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Massage Today
August, 2002, Vol. 02, Issue 08

Fight for Your Rights!

By Vivian Madison-Mahoney, LMT

I receive many e-mails from massage therapists regarding insurance and state licensing issues. It's interesting to learn how other states, cities, or municipalities operate in relation to the massage therapy profession.

I love to hear about massage therapists sticking up for their rights and the rights of the profession.

One such story comes from Steven S. Serra. I felt that portions of Steven's letter were worth sharing with you, with his permission:

This letter is in response to the well-written, thoughtful February 2002 piece in Massage Today, by Vivian Madison Mahoney, LMT, about the health care system in the U.S. If I may, I wish to share my thoughts about my life as a massage therapist practicing in the state of Michigan for 11 years.

Michigan currently does not regulate massage therapy. Many early massage regulations were enacted to prevent massage practitioners from diagnosing and treating illness with massage. State licensed medical professionals pushed these laws through.

During the 1960s - 1980s, massage regulations were changed to "tax" the growing adult entertainment massage industry. These laws were challenged and found unconstitutional by the courts in the mid 1980s. As a result, many municipalities, cities, villages and townships were forced to deal with regulating the "massage parlors" and protecting public safety.

The city I live in banned the practice of any and all forms of massage. Massage, as stated in the city ordinance, had no medical or social value and only brought down local property values. So in the minds of the city officials, our profession was banned to protect the public!

Many of us didn't think this position was fair or tenable. We proved that education mattered. We have continued with our education after graduating from state-licensed schools of massage. We have become nationally certified in therapeutic massage & bodywork. We've worked with established medical professionals who believed in the efficacy of massage, and asked for their support in changing these laws.

We have joined the local chambers of commerce and have introduced massage professionals as caring responsible business people with a strong code of ethics. We have stood in front of local boards of zoning appeals and presented evidence and support for changing zoning ordinances to classify massage as an "other allied health profession." We have stood in front of city councils and helped to change restrictive ordinances.

Officials in our area have come to understand what massage professionals stand for and what we believe in. We continue working hard to enhance the image and standing of the massage therapy profession.

As a male massage therapist, I feel I'm more acceptable to the public being aligned within the medical massage model. The boost in new business because of acceptance by the local city officials has been tremendous.

Whether or not health insurance companies in Michigan will ever reimburse for therapeutic massage performed by a massage professional is anyone's guess.

We have been working hard to have massage therapists from around the state come to a consensus on any form of statewide regulation. A small minority is strongly in favor of regulation. An equally small minority is strongly opposed to regulation. Each side looks into their proverbial crystal ball and sees the end of therapeutic massage in Michigan if their respective position isn't embraced by the remaining therapists (the silent majority!)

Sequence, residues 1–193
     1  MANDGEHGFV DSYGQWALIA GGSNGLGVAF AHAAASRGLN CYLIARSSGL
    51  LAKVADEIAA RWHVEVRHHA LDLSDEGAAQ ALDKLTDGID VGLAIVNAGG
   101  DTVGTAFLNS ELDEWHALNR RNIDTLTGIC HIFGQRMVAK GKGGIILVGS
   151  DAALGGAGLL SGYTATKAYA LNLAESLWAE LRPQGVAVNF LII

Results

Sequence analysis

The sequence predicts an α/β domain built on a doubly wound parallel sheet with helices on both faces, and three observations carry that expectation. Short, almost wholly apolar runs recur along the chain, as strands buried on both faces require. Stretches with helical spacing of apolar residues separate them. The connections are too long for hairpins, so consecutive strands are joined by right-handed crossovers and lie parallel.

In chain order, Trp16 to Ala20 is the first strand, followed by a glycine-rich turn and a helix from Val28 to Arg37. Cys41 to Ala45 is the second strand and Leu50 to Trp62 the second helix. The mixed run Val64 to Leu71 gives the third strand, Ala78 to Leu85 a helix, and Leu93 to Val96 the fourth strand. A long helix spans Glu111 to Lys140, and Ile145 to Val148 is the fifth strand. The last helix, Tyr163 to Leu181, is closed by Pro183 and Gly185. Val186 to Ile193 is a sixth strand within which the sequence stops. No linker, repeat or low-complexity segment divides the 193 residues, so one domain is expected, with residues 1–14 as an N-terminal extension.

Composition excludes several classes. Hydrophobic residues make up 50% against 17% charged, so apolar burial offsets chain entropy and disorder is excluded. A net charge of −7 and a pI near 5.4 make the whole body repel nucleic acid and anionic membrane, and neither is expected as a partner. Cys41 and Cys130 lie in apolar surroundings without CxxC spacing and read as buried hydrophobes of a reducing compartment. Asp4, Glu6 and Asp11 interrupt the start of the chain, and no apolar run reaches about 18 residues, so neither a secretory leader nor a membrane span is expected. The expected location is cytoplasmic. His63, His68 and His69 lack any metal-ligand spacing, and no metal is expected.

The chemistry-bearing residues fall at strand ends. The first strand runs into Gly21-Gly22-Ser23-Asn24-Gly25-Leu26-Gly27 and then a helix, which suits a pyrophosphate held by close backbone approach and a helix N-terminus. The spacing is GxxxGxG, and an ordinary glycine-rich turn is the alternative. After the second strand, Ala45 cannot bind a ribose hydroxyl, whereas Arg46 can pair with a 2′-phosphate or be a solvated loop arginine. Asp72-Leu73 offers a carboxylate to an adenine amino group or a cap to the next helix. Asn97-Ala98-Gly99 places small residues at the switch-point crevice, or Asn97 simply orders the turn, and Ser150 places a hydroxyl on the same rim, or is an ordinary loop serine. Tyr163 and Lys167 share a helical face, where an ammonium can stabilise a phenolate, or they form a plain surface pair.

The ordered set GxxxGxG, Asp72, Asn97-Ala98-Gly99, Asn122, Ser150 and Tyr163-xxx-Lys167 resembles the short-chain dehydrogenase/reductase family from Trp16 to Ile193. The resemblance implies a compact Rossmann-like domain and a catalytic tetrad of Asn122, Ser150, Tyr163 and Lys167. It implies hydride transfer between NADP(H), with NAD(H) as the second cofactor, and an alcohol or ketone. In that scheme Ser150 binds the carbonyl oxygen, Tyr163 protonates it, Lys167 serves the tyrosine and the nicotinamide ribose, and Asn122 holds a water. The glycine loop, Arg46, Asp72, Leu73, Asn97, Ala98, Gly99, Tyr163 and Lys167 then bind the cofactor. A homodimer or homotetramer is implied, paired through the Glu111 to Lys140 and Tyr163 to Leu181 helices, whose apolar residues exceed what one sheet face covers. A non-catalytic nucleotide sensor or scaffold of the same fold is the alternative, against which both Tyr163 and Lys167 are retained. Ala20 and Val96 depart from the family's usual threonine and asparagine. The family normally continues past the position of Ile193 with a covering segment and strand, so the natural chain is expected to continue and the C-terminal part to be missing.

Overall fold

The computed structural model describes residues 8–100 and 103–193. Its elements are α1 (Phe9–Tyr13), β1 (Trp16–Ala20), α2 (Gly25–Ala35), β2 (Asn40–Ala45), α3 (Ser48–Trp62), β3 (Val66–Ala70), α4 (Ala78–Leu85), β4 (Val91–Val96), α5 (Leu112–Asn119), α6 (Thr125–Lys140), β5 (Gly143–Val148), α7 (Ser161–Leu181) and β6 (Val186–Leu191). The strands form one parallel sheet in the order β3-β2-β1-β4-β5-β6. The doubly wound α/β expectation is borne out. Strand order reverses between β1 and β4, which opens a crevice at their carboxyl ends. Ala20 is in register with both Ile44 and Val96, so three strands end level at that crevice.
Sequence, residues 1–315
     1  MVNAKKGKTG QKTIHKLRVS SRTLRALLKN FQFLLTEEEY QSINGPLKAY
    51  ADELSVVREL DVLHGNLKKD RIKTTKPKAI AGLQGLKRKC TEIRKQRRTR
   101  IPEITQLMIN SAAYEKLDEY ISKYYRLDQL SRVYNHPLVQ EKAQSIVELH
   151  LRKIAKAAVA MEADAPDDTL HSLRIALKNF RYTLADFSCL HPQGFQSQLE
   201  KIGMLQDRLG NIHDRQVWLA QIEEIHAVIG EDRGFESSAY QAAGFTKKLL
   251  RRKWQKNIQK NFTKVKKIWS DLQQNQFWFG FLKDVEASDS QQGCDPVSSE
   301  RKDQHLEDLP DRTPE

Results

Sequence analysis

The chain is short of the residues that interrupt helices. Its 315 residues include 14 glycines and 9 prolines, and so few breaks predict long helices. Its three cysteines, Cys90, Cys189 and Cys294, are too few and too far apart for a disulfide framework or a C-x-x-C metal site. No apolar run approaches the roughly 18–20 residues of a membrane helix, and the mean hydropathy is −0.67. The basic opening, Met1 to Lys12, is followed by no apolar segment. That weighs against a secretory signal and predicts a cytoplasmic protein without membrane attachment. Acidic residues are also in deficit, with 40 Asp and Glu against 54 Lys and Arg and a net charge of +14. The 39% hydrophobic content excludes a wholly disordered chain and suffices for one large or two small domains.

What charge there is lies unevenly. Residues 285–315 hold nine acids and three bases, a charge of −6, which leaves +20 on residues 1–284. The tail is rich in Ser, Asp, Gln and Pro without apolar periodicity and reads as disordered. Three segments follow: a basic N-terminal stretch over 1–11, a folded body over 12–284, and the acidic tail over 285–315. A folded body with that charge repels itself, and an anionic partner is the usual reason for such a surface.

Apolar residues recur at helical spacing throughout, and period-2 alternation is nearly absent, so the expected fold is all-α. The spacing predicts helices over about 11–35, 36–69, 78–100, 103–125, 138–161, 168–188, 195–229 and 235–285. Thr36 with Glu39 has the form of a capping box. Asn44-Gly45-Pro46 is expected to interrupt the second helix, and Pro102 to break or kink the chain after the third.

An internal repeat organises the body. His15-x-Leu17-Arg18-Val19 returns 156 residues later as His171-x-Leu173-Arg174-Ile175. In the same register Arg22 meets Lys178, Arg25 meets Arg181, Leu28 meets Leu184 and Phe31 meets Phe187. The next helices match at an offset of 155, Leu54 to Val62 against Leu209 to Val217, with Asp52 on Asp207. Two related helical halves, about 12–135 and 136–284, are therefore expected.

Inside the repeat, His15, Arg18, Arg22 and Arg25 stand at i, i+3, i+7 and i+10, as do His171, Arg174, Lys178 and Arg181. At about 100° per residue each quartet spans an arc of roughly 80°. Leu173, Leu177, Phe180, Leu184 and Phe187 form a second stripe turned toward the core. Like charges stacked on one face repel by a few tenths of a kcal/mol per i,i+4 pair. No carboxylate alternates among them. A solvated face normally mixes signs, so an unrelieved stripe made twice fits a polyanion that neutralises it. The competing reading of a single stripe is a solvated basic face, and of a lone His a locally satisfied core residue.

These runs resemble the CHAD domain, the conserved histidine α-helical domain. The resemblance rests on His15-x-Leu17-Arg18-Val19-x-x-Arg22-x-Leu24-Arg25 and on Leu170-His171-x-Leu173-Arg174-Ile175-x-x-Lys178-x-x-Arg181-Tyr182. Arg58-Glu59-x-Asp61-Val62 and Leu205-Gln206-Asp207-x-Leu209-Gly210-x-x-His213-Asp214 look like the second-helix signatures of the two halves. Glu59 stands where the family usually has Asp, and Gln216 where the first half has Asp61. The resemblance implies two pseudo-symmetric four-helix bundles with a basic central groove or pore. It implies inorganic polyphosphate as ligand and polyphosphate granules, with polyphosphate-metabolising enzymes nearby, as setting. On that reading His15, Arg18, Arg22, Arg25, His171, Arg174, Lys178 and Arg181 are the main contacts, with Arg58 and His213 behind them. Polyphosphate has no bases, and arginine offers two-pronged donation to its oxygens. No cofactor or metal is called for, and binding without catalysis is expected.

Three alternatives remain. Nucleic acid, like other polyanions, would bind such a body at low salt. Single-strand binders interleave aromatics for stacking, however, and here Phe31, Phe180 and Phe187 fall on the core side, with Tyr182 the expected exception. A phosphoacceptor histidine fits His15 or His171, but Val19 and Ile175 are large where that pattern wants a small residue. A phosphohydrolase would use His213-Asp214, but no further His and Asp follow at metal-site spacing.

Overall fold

I believe that we all are looking for the profession of massage therapy to continue to grow. We need to work together for the enhancement and betterment of our profession.

The massage professionals who paved the way and accomplished so much have entrusted us to continue the fight, united with the goal of enhancing the acceptance and reputation of our massage profession. I hope and pray we will continue to work together to achieve these goals.

Sincerely,

Steven S. Serra, NCTMB
Sterling Heights, Michigan

I feel that Steven's words speak for many, if not all of us - not only in terms of the reputation and regulation of our profession, but also our acceptance by insurance companies as legitimate health care providers (for those of us who wish to participate in the medical model).

In my 15 years of practice, my clients' insurance problems were always as important to me as their medical conditions. I felt if I could assist them in winning their insurance battles when and if I could, that in itself would help their medical condition to some degree. They needed someone to care! Someone to understand what they were going through! Someone who didn't always consider money first! They needed to know that they had someone in their corner if needed. And they needed to know that I was not their doctor, lawyer, or consultant, but that I just plain cared!

What kept me going for all those years, and what propelled me to accept insurance cases, to take on insurance companies, and to help therapists with insurance issues, was the belief that we must fight for ourselves. This belief also kept me going when things were at their very worst.

If we don't fight for our rights, someone else will fight against our rights. If we want something, we have to go after it! We cannot always expect others to do it for us! We cannot take "no" for an answer until we have left no stone unturned! If you don't try, you will never know what you could have! You don't have to know it all to begin! As you give, you receive, especially "if you don't expect it back from the source you gave it to"! And if you don't relish a challenge, you are missing the fun of it all!


Click here for more information about Vivian Madison-Mahoney, LMT.

 

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